The FTC (Federal Trade Commission) reached a settlement on privacy with Facebook Tuesday (November 29, 2011) over 8 counts of privacy violations.
Among them: sharing users’ personal information with third parties without their knowledge or consent, changing privacy practices without informing users, and claiming to have a program to verify the security of apps when it didn’t.
Examples of these violations:
- In 2009 Facebook made some changes to its website, allowing certain information that users may have marked as private to be made public, which included friends lists.
- Also, from September 2008 until mid-2010, advertisers had access to user information about any people who clicked on an ad, the FTC said. Advertisers could then use that data to access other information about them, such as name, personal traits and Internet-browsing habits.
As part of the settlement:
- Facebook must get users’ permission “before performing changes that override their privacy preferences.”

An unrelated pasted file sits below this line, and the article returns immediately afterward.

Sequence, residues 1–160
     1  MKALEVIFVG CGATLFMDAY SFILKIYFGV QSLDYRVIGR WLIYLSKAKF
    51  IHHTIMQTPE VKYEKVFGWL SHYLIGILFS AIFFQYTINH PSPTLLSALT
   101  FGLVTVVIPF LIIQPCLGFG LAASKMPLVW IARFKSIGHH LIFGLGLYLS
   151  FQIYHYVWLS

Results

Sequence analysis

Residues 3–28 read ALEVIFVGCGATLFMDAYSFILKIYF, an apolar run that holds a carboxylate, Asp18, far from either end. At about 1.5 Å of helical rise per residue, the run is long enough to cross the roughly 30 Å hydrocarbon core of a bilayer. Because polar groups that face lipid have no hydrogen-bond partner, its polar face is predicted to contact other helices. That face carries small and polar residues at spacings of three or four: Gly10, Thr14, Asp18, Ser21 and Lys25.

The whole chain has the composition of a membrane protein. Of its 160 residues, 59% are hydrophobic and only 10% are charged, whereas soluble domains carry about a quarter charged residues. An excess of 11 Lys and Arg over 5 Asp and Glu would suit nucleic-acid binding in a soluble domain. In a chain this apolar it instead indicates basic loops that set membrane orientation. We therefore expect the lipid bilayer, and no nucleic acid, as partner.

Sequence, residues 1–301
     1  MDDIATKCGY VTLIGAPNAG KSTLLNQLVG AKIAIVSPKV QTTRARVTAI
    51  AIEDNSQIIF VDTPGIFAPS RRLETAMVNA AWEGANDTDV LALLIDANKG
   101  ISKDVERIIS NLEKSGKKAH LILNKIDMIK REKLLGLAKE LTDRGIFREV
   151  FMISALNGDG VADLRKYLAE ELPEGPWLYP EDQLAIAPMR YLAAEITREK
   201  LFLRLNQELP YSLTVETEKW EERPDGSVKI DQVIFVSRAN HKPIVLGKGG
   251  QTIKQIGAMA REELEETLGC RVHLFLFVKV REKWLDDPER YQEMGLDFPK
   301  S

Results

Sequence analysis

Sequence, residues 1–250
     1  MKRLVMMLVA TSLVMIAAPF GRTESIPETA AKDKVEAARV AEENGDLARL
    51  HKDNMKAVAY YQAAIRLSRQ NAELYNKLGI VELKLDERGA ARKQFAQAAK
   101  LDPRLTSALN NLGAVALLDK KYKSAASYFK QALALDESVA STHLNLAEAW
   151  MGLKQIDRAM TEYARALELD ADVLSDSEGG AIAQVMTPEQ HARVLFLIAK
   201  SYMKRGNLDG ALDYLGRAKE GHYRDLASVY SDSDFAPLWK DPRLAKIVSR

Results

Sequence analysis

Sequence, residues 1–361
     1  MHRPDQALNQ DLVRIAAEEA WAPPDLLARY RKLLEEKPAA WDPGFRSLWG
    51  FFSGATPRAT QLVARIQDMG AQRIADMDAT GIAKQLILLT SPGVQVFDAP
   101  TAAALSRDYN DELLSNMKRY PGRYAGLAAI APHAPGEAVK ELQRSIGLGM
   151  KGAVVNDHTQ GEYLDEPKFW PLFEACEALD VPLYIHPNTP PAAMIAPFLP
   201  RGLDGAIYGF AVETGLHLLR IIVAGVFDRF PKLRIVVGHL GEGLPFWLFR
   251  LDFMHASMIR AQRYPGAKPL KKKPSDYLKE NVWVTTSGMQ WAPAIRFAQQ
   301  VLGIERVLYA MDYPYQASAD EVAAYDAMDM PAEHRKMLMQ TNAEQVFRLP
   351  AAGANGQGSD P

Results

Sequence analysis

- Facebook must give, consumers “clear and prominent notice and obtaining consumers’ express consent before their information is shared beyond the privacy settings they have established”. This includes information shared with third-party apps.
- Previously, people who left Facebook weren’t able to completely delete their data. As part of the settlement, Facebook agreed that 30 days after an account is deleted, no information will be available.
- The site has agreed to an external privacy audit every two years for the next 20 years
According to FTC Chairman Jon Leibowitz, while the commission doesn’t have the power to fine Facebook for past problems, future violations of the terms of the settlement carry a fine of $16,000 per day per violation.
Do you feel your privacy is now more protected on Facebook with this new settlement?